‘I’m just being silly,’ I said, the dying rumble of laughter in my belly still turning the corners of my mouth upwards. ‘It’s just it all seems so—superficial. When I found out that Istanbul Angel was on board, I was almost consumed with this cocktail of emotions—rage, fear, sadness, you name it, and now—now it’s almost like I don’t actually care. Sure, he’s a bad person, he’s done terrible things—to me especially—but I’m finding it hard to hold on to that with quite as much conviction as before. Do you think that’s bad? Am I so cynical and miserable that I can’t even be bothered to be passionate about something anymore?’

Sophia leaned back down again, and we both lay there, watching the dust funnel rise. ‘That depends, I suppose,’ she said. ‘We’ve been through so much that perhaps it’s become less of a priority for you. After all, what’s done is done, and while it’s good for people like Angel to be where they can no longer do people harm, that isn’t necessarily equal to exacting your . . . revenge, I suppose you would call it.’

Revenge. It sounded like something out of a child’s story. The big bad man does something bad, the hero gets his revenge. But those children’s stories neglected to encompass the full depth of the human psyche, explore what makes us who we are, do what we do. Well, I mean they are stories for children, let’s not forget that, but I think that in its essence was my problem: I often looked at myself as if were in a child’s story, with right and wrong, good and bad, heroes and villains. But, I had to remind myself, it just wasn’t that simple.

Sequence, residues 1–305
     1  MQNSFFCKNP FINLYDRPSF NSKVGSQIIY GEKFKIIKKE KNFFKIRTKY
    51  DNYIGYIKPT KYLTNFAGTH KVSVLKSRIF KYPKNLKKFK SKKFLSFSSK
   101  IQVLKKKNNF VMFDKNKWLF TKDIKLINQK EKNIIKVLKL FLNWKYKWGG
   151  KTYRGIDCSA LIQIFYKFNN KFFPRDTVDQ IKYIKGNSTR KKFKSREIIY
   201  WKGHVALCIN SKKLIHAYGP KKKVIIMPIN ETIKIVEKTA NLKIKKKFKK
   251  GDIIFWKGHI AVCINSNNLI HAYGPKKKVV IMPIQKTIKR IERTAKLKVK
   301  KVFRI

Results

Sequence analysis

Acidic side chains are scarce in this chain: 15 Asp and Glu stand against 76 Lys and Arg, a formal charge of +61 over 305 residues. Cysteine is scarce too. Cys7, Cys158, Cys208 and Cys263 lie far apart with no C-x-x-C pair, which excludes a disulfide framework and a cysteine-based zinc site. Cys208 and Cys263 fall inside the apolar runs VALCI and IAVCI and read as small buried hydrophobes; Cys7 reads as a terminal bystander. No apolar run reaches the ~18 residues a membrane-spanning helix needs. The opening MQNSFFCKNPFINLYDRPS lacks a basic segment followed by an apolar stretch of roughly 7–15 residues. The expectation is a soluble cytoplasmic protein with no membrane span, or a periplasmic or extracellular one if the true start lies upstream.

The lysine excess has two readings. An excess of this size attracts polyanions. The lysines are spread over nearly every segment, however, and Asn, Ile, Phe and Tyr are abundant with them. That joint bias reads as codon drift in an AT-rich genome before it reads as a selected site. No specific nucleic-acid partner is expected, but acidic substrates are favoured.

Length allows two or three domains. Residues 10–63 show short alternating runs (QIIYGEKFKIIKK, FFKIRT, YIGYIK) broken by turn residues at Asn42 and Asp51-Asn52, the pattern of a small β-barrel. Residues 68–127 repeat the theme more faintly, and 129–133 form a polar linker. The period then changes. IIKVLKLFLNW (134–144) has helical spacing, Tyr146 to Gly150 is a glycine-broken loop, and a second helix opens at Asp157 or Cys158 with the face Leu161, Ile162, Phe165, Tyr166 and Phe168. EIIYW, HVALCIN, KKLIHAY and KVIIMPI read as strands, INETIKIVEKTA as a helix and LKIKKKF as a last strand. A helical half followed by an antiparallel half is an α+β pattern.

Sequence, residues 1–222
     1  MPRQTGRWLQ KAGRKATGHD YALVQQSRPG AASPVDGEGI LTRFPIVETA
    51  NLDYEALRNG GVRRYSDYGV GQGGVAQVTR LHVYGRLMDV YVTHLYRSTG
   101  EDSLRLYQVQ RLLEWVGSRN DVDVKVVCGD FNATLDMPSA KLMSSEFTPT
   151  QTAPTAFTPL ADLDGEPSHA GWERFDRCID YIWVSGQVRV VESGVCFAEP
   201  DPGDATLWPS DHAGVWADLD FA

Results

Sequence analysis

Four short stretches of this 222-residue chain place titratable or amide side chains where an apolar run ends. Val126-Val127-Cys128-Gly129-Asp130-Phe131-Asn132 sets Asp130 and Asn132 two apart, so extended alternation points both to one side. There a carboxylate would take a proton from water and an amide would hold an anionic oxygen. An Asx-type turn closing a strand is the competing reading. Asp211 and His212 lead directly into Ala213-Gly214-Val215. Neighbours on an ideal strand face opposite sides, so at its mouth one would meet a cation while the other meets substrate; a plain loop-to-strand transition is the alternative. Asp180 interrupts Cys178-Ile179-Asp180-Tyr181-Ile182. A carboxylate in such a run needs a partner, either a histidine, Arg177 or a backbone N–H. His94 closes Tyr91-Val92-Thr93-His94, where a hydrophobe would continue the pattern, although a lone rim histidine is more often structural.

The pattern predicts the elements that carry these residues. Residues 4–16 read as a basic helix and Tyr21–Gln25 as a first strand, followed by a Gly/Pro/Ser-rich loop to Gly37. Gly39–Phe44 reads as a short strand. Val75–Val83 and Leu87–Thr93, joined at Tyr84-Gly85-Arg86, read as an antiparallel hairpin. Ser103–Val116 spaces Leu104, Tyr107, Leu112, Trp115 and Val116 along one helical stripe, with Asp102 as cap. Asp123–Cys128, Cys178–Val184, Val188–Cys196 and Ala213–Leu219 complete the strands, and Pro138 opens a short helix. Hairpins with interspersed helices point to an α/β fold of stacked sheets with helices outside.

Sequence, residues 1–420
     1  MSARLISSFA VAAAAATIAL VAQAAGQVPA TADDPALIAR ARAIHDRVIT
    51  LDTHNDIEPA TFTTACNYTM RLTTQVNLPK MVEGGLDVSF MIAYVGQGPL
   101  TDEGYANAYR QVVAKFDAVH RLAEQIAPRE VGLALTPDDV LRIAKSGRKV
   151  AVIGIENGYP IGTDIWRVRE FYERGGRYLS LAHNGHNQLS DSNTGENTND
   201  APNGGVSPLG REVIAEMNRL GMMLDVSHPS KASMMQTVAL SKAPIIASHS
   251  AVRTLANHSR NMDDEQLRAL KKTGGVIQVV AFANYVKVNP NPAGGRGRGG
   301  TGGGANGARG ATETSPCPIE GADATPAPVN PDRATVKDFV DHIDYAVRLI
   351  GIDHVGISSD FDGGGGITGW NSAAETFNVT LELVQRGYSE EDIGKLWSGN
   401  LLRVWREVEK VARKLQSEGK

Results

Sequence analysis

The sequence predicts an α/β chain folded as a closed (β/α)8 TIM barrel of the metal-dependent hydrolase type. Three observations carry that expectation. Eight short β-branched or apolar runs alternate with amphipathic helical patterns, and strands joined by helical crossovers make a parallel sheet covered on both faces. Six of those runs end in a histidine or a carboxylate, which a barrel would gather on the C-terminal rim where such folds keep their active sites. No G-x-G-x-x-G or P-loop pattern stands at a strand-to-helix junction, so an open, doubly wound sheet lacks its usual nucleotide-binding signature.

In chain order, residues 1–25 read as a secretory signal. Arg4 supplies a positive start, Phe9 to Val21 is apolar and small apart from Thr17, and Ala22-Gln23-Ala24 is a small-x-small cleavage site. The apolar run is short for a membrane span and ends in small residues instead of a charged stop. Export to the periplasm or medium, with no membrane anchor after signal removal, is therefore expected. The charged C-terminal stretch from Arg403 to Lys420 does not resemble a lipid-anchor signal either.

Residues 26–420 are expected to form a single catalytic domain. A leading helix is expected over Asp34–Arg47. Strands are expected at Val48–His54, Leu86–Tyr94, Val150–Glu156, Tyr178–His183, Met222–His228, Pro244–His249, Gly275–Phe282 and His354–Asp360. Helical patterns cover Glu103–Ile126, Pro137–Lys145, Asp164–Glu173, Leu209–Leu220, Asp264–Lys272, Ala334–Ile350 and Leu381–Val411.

‘Do you think I’m letting my father down?’ I asked tentatively. It felt like I’d rolled onto my back figuratively as well as physically, my soft, delicate underbelly exposed and vulnerable.

‘No, I don’t think so. I think it’s good for you to let go, healthy, even. It takes a braver man to forgive than it does to punish.’

I wasn’t sure I really understood what Sophia meant by that, not at first. Surely punishment was a necessary requirement of a functioning civilisation? But then I realised that she didn’t mean for those two things to be mutually exclusive—here we were, punishing Angel by burying him in stasis nearly forty lightyears from home, but that didn’t mean I couldn’t forgive him as well. Thinking about leaving the whole thing behind after letting it fester in my mind for so damn long made me tense.

‘I’m not sure if I could forgive him.’

‘I think you’ve already begun.’